A German philosopher and supporter of the French revolution, Johann Gottlieb Fichte wrote his series of addresses to the German Nation in 1806. During this time, France was under the rule of Napoleon who had set about on different conquests across Europe, Germany included. The French invasion of Germany caused Fichte to think twice about his feelings towards the French and the French revolution and force the German nation to ask themselves what it truly means to be German.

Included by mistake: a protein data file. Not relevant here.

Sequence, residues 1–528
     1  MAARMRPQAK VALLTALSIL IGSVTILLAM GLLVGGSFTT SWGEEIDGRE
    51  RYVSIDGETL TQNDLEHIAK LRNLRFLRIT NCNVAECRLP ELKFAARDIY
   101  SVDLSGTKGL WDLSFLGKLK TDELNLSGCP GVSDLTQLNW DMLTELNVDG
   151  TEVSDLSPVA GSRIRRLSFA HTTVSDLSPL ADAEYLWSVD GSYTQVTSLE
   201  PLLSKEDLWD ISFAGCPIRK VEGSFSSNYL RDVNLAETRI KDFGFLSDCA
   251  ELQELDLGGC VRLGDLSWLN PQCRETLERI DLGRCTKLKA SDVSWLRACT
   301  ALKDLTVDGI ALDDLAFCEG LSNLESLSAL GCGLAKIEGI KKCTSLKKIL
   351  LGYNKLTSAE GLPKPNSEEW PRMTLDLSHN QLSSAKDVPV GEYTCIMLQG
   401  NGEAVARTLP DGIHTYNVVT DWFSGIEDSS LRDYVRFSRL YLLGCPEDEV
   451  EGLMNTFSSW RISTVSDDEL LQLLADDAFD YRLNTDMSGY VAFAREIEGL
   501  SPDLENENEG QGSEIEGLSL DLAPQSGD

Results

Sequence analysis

Fichte’s address to the German nation is more of a persuasion as he explains the ways in which the German people need to embrace their own nationality and defer away from the French. Fichte goes about this by stating “Those who speak the same language are joined to each other by a multitude of invisible bonds by nature herself” (Fichte 1). Continuing this statement, he argues that people of the same country have a similar understanding and they belong together, becoming an “inseparable whole” (Fichte 1). The problem however, is that the whole becomes disrupted and confused when others, the French, try and interfere. Fichte states that the French have taken advantage of the Germans, pillaging their villages and using their men to fight in wars. Rather than accept the French into the German nation, Fichte argues for the Germans to unite and form their own nationality.